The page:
Greatest ever, by a mile. A+

VwVenus Williams
Poor Venus. She rolls through the draw for a second straight year, doesn’t lose a set, and handles a difficult win over her sister in the final with easy dignity. Then everyone forgets all about it 24 hours later. Don’t: This was not just a customarily imperious and focused effort from Venus—the sight of her crazy legs gobbling up ground along the baseline is now as much a part of Centre Court lore as the sight of Pete Sampras bombing aces there—it also felt like a landmark in how the Williamses handle playing each other. It was winner-take-all competition and sibling rivalry at its most adult. The edges, and the awkwardness, weren't as obvious. I wonder: We say it's hard for them to compete because they love each other, but isn't your sibling also the person you want to beat more than anyone else in the world? Has this edge been dulled in Serena over the years?

Either way, it was the best match they’ve played—not a classic contest, but a compelling one. Venus weathered an early Serena storm calmly, and took control of the match methodically. I’ve always thought their matches can be scratchy in part because each runs down shots that would be winners against anyone else. That leads to extra shots and, eventually, errors. This time, little sister looked she had nowhere good to go with the ball by the end. A+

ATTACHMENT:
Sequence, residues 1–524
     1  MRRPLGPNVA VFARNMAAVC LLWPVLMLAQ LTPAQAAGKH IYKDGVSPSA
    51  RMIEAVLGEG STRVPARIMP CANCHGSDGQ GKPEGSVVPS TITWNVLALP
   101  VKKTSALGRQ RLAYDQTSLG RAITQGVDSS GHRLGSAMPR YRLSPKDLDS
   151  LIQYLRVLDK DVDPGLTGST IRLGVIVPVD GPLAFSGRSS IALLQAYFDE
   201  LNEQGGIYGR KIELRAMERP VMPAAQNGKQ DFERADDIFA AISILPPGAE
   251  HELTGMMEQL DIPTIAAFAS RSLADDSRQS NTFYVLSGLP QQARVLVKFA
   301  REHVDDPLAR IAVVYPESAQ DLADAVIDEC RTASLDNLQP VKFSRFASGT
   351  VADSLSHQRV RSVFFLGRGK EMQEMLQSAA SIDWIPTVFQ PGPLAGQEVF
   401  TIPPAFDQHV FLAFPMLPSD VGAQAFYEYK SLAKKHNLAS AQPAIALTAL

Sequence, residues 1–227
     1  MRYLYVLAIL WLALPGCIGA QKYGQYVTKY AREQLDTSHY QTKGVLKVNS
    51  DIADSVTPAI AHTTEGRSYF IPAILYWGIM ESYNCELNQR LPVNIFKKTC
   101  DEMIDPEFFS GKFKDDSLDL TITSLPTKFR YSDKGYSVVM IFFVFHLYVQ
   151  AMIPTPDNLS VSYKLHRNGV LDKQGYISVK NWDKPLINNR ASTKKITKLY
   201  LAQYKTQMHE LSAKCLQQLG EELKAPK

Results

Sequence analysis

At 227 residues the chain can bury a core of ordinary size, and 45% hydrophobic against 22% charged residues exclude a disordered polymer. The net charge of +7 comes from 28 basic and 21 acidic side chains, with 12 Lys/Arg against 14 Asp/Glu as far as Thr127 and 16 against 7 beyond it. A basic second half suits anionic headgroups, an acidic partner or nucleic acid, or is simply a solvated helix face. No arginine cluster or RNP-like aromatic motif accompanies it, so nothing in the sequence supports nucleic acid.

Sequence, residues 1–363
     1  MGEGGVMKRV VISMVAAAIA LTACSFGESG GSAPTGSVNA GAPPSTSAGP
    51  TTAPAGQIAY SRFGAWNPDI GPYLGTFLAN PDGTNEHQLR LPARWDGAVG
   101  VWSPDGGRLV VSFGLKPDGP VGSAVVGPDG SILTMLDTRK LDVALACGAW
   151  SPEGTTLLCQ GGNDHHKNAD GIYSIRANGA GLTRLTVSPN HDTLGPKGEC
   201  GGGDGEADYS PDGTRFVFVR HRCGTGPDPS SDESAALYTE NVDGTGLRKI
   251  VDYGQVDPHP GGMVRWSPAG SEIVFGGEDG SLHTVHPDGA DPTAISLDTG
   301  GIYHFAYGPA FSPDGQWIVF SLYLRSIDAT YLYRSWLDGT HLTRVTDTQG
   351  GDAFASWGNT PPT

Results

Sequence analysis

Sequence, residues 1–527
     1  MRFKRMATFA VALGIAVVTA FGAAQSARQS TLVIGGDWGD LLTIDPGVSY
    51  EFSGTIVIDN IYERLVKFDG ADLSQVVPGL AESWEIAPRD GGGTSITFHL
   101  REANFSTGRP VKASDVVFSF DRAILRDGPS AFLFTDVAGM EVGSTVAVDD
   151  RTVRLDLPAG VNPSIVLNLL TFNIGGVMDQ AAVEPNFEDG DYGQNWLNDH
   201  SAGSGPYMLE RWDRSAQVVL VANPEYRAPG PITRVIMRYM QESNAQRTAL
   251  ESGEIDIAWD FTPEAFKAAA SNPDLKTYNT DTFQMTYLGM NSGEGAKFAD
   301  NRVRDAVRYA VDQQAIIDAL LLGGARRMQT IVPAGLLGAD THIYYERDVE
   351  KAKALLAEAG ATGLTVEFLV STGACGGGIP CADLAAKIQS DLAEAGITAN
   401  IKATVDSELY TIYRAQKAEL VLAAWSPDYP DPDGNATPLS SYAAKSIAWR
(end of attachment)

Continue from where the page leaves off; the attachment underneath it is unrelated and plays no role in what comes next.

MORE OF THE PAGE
Roger Federer
For a world No. 1 and five-time defending champion, Federer looked oddly aggrieved through much of his final against Nadal. HawkEye had it in for him, the chair umpire annoyed him, a Nadal shot that landed inside the line inspired a wild, hopeless challenge. The force of Nadal’s momentum over the last few months seemed to have put doubt in Federer's mind, and he wasn’t happy about it—why should he, Roger Federer, doubt himself on Centre Court against anybody? But he did. You could see it in the way his shots on break points found the net. You could see it in the way he quickly surrendered a 4-2 lead in the second set and lost four straight games. That just doesn’t happen to him against anyone else.

Which makes his stubborn comeback effort all the more impressive. Federer, as he said afterward, “tried everything.” But he was playing a guy who could match him, jaw-dropping winner for jaw-dropping winner, and who was using his tricky serve to keep him terminally off-balance. Late in the fifth set, Federer opened a return game by hitting a forehand winner down the line. It was an intimidating shot that might have rattled another player. Two points later, Nadal cracked his own, equally intimidating forehand winner and eventually held. Against everyone else, Federer can, and does, assume a natural superiority; he knows he’s better, and that if he plays well, he’ll win. He can’t assume this against Nadal. He has to start on equivalent mental footing with the Spaniard. This leaves Federer, as I said, a little aggrieved and unsure of himself.